I made it up to visit the Eastons on the 25th. They were in the window where their eggs could hatch. Sadly, I found an empty nest. The water was up to the lip of the nest and had probably been higher the days before my visit. The good news is that it looks like they’re going to try again. They were defending an island where they used to nest. I hadn’t realized they’d claimed the island until I attempted to beach my boat to fiddle with my gear. Dad explained that I had to go. So I did.

Update: I visited the pond again Sunday afternoon, there was a loon sitting a new nest.

When I arrived, there was an intruder on the pond. They wailed at each other for a time before the intruder retreated to the far end of the pond. Some time later, he? departed.

The home team cruised peacefully around their pond for much of the morning.

In a recent email, John Cooley of the Loon Preservation Committee mentioned he’d seen loons yodel at low flying aircraft, something I’d never noticed. This morning, mom started wailing for no apparent reason. Shortly afterwards, a light plane appeared.

The LPC is a great resource for loon info. Over the years, John has been very generous answering my endless questions. Thanks John!

The Middletons were out and about when I visited on Friday. The chicks are growing rapidly and appear to be in good health. When I arrived, there was a thick fog on the pond. I had to make two circuits before finding the loons in deep shadows as the sun rose.

They were feeding in shallow water along the shore. The sun was rising behind the trees.

The chicks are now two-weeks-old. They’ve more than doubled in size.

Even chicks can give a nice wing stretch. One was working on diving skills. He? was managing to stay under almost 15 seconds.

A good look at one of the chicks waiting for the next course to be delivered.

The parents kept busy delivering breakfast. They’re dropping the prey in front of the chicks and making the chicks catch it for themselves. The chicks are getting better at it, but still take a couple tries much of the time.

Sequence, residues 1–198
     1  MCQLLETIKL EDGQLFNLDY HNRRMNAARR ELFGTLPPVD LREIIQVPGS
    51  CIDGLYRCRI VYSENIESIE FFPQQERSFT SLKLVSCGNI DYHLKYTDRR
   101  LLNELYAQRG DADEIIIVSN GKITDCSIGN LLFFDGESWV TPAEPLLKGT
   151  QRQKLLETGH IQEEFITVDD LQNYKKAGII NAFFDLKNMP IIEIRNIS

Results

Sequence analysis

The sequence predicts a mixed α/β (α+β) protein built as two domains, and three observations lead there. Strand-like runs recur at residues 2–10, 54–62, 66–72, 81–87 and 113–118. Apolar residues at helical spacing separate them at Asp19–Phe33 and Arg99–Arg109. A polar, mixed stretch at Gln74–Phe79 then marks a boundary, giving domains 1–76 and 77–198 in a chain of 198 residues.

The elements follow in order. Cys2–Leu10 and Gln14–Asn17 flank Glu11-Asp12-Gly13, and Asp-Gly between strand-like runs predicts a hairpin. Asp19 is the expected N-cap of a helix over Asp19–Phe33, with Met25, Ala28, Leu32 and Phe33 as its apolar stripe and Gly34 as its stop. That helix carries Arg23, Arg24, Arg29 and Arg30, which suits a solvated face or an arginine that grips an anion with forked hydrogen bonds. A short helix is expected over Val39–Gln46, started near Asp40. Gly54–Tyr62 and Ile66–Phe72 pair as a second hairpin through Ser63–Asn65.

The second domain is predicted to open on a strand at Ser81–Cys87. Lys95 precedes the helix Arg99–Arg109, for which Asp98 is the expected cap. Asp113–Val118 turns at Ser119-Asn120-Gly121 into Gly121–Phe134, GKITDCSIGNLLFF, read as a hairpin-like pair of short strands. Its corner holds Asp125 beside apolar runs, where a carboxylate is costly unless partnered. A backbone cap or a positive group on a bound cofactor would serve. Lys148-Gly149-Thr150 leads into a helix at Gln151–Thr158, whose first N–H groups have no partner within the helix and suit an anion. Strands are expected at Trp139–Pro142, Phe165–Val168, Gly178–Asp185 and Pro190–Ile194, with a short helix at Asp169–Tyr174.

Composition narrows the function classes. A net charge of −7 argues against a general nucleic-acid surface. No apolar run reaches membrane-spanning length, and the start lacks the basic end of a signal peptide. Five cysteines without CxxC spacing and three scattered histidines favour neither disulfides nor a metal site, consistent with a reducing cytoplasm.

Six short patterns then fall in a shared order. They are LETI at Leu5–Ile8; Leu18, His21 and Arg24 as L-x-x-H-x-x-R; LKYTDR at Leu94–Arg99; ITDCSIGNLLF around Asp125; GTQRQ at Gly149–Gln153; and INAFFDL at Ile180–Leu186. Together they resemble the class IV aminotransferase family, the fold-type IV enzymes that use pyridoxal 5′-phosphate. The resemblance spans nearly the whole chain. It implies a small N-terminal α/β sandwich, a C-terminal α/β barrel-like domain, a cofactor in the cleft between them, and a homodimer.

Wrestling with another fish…..


Mom and dad have noticed an immature eagle flying over the pond. The eagle went on his way without stopping.

When I last posted, Mrs. Weston hadn’t been seen for five days and I feared the worst. Later in the summer, it is common for one of the parents to disappear for a couple days. Probably for R&R on a nearby pond. I was concerned as the chicks were very young and it seemed she was gone a long time.

Just after I posted the last time, a friend on the pond messaged to tell me she appeared to be back. When I visited Thursday a week ago, she was indeed back with the family. When I asked where she’d been, she refused to answer. Loons can be like that.

The family spent a peaceful morning, foraging and slowly touring their pond.

The parents took turns hauling groceries to the chick.

Bass for breakfast again…..

Want to help the loon conservation effort? The loon census is coming up on Saturday, July 20. The idea is to get volunteers to check all the ponds at the same time to get an accurate count of all the loons and chicks. All you need to do is go for a paddle around your pond and count the loons. For more details or to volunteer in Vermont, see the Vermont Center for Ecostudies’ site, In New Hampshire, check out the Loon Preservation Committee’s site at

Loon Chicks Have Arrived

Two of our loon families – the Westons and Middletons have hatched two chicks. I’ve been out to see how they, and their neighbors are doing.

The Tenney Memorial Library will host me this Sunday, June 23, at 2:00 p.m. for my slideshow, An Uncommon Look at the Common Loon. Free and everyone welcome.

I left a game camera looking out my blind by one of the fox dens. Here’s a minute of foxes big and small coming and going.

A neighbor told me he has a whippoorwill stopping by late every evening and early every morning. I sat out by his garden and got a good listen to the whippoorwill. Unfortunately, it was too dark to see him. So far, he’s eluded my game cameras. My consolation prize was a pair of bobolinks:

Mr. bobolink looking dapper as he looks over his territory.
Mrs. bobolink stopped by for a time.

A friend on the Weston’s pond messaged me on the 13th, telling me they’d seen a chick. I headed up to visit that evening.

I quickly found the babysitting loon with a chick riding along.
The chick riding in sight climbed off and was swimming along the far side of the parent when the parent lifted a wing to let me see they had a second chick.
The other parent returned to the cove where the family was waiting, the family headed to greet him(?).
Little loons face big challenges – like powering over those pesky lily pads.
The parents set to feeding the chicks. After several small meals, one of the adults arrived with this crayfish. Both chicks tried to get it down, but couldn’t. It looks to me like our parent is checking the fit. Apparently realizing the crayfish was too big, the adult ate it.
One of the parents gave a nice wing stretch as I was getting ready to head in.